Like The Roman: Remembering Dominique Venner One Year Later

On May 21st, 2013, Dominique Venner entered the Notre Dame Cathedral in Paris and took his life in a statement of defiance towards the malignant spirit of his age--turning the final act of his existence into a call for all people with the blood of Europe to arise from their stupor and reclaim their heritage.

The anniversary of his voluntary death reminds us to keep his memory alive by continuing on with our duty to preserve the noble heritage of our people.

Here is some of Venner's final words that summarize why he chose this action and the message he tried to impart to those who would witness it (courtesy of Counter-Currents):

While many men are slaves of their lives, my gesture embodies an ethic of will. I give myself over to death to awaken slumbering consciences. I rebel against fate. I protest against poisons of the soul and the desires of invasive individuals to destroy the anchors of our identity, including the family, the intimate basis of our multi-millennial civilization. While I defend the identity of all peoples in their homes, I also rebel against the crime of the replacement of our people.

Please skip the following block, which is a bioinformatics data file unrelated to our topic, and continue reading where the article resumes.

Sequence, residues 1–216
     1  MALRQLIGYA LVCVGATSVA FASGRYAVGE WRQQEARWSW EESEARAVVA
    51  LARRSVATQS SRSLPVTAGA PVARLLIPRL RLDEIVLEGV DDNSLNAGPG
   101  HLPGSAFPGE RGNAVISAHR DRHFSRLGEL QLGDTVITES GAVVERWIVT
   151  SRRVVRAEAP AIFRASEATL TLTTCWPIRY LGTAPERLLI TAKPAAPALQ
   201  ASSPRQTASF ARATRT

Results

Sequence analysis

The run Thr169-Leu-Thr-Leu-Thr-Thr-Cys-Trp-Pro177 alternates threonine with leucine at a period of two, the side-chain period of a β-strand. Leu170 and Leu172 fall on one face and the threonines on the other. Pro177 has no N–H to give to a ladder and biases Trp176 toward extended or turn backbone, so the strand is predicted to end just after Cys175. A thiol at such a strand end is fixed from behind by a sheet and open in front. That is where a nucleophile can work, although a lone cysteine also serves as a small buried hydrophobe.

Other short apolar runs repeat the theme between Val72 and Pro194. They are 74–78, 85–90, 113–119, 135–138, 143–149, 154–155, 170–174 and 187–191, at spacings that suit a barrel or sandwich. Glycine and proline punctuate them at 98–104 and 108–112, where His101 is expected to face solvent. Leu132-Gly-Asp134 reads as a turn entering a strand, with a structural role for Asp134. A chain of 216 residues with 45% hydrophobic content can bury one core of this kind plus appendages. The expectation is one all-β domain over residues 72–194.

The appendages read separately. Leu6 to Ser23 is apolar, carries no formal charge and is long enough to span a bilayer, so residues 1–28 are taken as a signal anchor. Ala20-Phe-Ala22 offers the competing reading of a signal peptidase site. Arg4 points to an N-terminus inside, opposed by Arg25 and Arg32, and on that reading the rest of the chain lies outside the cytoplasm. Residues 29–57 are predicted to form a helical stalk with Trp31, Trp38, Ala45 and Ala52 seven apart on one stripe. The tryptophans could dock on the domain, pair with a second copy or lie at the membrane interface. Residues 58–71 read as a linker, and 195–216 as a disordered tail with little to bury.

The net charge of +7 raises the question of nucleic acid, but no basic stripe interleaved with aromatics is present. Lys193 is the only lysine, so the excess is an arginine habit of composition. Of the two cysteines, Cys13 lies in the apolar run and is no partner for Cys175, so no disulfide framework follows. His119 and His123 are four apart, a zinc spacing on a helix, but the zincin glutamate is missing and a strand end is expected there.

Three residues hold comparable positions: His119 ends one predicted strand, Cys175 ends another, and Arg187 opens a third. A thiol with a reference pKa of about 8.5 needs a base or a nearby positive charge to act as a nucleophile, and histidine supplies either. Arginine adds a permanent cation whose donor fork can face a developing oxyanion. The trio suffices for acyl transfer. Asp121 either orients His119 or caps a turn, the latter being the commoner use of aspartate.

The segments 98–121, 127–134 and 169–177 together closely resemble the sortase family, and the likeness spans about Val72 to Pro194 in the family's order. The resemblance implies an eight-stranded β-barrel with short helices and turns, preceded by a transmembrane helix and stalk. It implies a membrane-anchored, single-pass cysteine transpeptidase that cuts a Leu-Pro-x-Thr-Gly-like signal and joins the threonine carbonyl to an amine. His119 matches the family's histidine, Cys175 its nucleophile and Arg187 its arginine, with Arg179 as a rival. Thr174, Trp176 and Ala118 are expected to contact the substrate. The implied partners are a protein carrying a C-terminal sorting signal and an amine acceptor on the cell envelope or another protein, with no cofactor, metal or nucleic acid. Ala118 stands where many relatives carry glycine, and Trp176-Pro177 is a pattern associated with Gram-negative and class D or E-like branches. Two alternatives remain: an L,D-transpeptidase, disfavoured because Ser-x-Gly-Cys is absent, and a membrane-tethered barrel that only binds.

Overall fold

The dominant discourse cannot leave behind its toxic ambiguities, and Europeans must bear the consequences. Lacking an identitarian religion to moor us, we share a common memory going back to Homer, a repository of all the values on which our future rebirth will be founded once we break with the metaphysics of the unlimited, the baleful source of all modern excesses.